"This index sends a signal to international businesses that they have a responsibility to promote diversity and inclusion, and to ensure that LGBT employees have equal access to the same benefits and rights as all other employees," said Linda Freimane, co-chairperson of the European Region of the International Lesbian, Gay, Bisexual, Trans and Intersex Association (ILGA-Europe). "It addresses the need for the inclusion of the grounds of sexual orientation and gender identity during diversity training, and also the tackling of LGBT harassment in workplaces."
ILGA-Europe Co-chairperson Martin K.I. Christensen said the index will "serve as an educational tool as well as a yardstick."
"The intention is ... to reward the international corporations that have consistently adopted a positive outlook towards LGBT people's inclusion and equality, and at the same time use this opportunity to assist companies that may this time score a little lower to perform better in the future," he said.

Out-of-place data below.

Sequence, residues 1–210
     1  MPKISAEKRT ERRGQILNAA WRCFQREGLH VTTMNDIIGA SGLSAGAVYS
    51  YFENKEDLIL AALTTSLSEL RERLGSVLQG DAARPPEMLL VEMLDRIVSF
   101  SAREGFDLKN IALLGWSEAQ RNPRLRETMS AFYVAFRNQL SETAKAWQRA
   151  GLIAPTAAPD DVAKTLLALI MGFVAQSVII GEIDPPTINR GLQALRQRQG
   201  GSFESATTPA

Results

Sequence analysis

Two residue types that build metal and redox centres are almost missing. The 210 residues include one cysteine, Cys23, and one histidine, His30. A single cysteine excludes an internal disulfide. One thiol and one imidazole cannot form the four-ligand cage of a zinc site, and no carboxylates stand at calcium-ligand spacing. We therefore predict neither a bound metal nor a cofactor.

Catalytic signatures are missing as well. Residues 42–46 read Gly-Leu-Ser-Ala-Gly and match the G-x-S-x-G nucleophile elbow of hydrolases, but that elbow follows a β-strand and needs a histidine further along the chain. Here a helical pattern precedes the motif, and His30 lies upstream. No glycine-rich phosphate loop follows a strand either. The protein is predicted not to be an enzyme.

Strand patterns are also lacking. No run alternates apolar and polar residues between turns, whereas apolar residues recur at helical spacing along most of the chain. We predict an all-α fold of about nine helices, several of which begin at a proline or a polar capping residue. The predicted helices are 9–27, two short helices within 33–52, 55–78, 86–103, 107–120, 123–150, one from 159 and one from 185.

This column recently reported that same-sex marriage is legal in Belgium, Canada, Nepal, the Netherlands, Norway, South Africa, Spain and the U.S. states of Connecticut and Massachusetts. Nepal was included in the list based on an incorrect reading of a Jan. 18 press release from Human Rights Watch that referred to "seven countries that have understood the principle of equality to require equal access to marriage for same-sex couples ... the Netherlands, Belgium, Spain, Canada, South Africa, Nepal, and Norway." A follow-up inquiry to Scott Long, head of HRW's LGBT Rights Division, revealed that Nepal does not yet belong on the list. He explained: "The Supreme Court found in effect that it [same-sex marriage] should be [allowed], but mandated that a panel study the issue and recommend legislation guided by the equality principles the court laid down. So: probably coming but not quite yet."
With assistance from Bill Kelley